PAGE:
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Latina abogada challenges Board of Elections for removing her name from the May 2 ballot for using her name of Martínez


Cleveland: On March 13th, responding to a protest filed by Lakewood attorney Henry Hilow, attorney Jennifer Martínez, along with her attorney, Santiago Feliciano, appeared before the Board of Elections to defend her right to run for Juvenile Court Judge, using her maiden name of Martínez.


The Board found the Martínez petitions to be invalid, ordering that her name be removed from the May 2nd ballot.


Jennifer Martinez

The Board deemed the Hilow protest, which was filed after the protest deadline of 4:00PM, to be timely filed because “it was in the building.”  According to Martínez, ORC section 3513.05 makes it clear that the filing deadline was by 4:00PM. The protest is file-stamped 4:32PM


The Board admitted that despite the fact that its own staff had given attorney Martínez incorrect instructions to file a change-of-name voter registration card along with the filing of her petitions—her name of Martínez was deemed not valid on the petitions.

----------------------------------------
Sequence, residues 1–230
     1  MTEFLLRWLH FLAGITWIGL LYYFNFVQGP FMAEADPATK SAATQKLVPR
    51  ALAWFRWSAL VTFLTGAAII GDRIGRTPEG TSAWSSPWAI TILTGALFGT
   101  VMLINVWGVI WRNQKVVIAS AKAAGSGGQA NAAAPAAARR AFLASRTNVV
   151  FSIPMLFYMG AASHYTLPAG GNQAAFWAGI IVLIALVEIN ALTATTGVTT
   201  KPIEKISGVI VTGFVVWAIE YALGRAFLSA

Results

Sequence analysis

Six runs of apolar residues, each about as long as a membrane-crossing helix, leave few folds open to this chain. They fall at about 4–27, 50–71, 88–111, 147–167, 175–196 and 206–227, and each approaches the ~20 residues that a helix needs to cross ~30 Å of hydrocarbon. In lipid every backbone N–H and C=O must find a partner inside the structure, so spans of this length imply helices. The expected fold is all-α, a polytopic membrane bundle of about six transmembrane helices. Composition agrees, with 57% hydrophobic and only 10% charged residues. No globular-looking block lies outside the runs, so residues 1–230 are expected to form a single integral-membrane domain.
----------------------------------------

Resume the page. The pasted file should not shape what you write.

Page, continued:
Attorney Martínez informed La Prensa that she has requested a writ of mandamus with Ohio’s 8th District Court of Appeals, seeking to have the appellate court order the Board to put her name back on the ballot. The Board had until March 21 to respond.


Martínez, who has been a Cuyahoga County Common Pleas Juvenile Court Public Defender for 6 years, believes that the Board blatantly disregarded statutory requirements, as well as applicable case law. Martínez has never legally changed her name to Atzberger, which is the last name of her husband, Craig Atzberger. 


Martínez argued that she has used both her maiden name of Martínez and her married name of Martínez Atzberger since her marriage in 1996. The Board failed to make any ruling regarding relevant case law as it applied to Martínez and the use of the surname Martínez on her petitions.


Martínez states, “I am confident that the Court of Appeals will see past the petty politics of this protest, and require that the law be followed in this matter. I chose to use my maiden name because I believe that it is my legal name and I am proud of my heritage. 


“I am a person who is qualified to run for the position that I am seeking, and I shouldn’t be excluded from the democratic process because I am a married woman who chose to use her maiden name. 


“The law permits me to do so, and so should the Board of Elections.  Frankly, I think this is an issue of gender discrimination,” added Martínez.





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